LSU Helps Louisiana Decrease Incarceration, Increase Workforce, Save >$150 Million Annually

April 05, 2021

Saving Money Through Justice Reinvestment

Through faculty collaboration, student effort, and by using big data analysis to evaluate the risk prisoners pose to society and the needs they would have upon release—merging expertise in sociology and law—LSU has helped lower the Louisiana prison population by almost one-fourth in three years, saving the state more than $150 million annually.

Since 2018, the Louisiana Department of Corrections uses TIGER, an LSU-developed tool, to help evaluate the risk posed by every incarcerated person in each of the eight prisons and many local jails across the state. All Louisiana prisoners now have a TIGER risk score, which guides critical decisions, such as who should (or shouldn’t) be released on parole. The tool also evaluates incarcerated persons’ needs (such as mental health, a history with substance abuse, ability to get stuff done), which helps parole officers be almost surgical in how they invest their time and resources to prevent recidivism, which also has gone down in recent years.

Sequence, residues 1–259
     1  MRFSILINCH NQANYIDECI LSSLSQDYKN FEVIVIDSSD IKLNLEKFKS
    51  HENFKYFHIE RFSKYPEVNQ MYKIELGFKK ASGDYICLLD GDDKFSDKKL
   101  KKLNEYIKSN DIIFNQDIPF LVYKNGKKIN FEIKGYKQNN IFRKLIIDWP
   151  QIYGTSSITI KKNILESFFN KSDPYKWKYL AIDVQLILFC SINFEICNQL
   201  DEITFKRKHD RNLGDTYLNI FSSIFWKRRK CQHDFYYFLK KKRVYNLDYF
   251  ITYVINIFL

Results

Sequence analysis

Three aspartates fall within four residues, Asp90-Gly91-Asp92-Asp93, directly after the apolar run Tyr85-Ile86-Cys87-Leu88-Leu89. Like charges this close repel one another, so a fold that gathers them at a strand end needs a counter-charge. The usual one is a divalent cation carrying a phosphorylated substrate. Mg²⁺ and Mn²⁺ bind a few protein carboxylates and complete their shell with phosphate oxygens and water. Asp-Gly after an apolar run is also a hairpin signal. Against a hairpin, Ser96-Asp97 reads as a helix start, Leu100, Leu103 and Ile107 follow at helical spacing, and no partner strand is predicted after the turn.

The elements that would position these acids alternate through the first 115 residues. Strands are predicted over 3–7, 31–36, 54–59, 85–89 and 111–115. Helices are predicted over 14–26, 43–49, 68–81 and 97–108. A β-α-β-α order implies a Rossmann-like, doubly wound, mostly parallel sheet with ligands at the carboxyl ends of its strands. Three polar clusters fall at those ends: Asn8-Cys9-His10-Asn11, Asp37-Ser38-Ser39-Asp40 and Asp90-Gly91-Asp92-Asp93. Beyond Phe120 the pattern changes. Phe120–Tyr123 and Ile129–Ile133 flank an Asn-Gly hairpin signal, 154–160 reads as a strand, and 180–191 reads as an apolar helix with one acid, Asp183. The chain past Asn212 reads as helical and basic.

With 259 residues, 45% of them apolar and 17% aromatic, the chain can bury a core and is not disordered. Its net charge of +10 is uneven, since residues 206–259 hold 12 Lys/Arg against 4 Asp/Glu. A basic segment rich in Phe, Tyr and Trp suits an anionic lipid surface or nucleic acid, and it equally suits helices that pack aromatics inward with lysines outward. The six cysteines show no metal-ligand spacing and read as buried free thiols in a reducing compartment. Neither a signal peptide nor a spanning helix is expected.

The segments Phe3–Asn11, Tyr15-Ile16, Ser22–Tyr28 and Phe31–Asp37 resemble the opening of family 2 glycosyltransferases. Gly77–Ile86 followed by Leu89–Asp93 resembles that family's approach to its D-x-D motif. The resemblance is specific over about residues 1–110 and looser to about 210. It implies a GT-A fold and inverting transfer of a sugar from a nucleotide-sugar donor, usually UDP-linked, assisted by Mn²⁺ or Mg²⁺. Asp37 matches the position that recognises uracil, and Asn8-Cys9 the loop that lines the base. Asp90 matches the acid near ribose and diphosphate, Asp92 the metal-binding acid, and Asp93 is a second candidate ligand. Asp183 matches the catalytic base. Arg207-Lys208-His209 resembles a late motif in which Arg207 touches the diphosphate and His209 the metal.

Andrew Hundley from Eunice, Louisiana spent 19 years in prison as a juvenile lifer at Angola before getting out in 2016, in part through LSU faculty efforts. While getting his bachelor’s degree in sociology with a concentration in criminology from LSU, he started Louisiana Parole Project, an advocacy, support, and peer mentorship organization staffed entirely by former lifers like himself. They use TIGER, too, to evaluate who they could help the most by connecting low-risk people with a place to stay, training, and jobs.

“I try to be careful about how I use the tagline, ‘from tax burdens to tax payers,’ but our organization has seen bipartisan support based on economics alone,” Hundley said.

Andrew Hundley

Andrew Hundley

– LSU

“When I first started working for the Louisiana Department of Corrections, we had nothing to help us do triage and objectively evaluate individual prisoners. Nothing but our experience and the biases that came along with that. We were flying by the seat of our pants with the limited resources we had, and there was no way to do true case management. TIGER, as a state-of-the-art tool, helps all of us get the leg up. We’re able to prioritize our resources and reinvest state funds where we get the biggest bang for our buck.”

- Assistant Secretary Rhett Covington, Louisiana Department of Corrections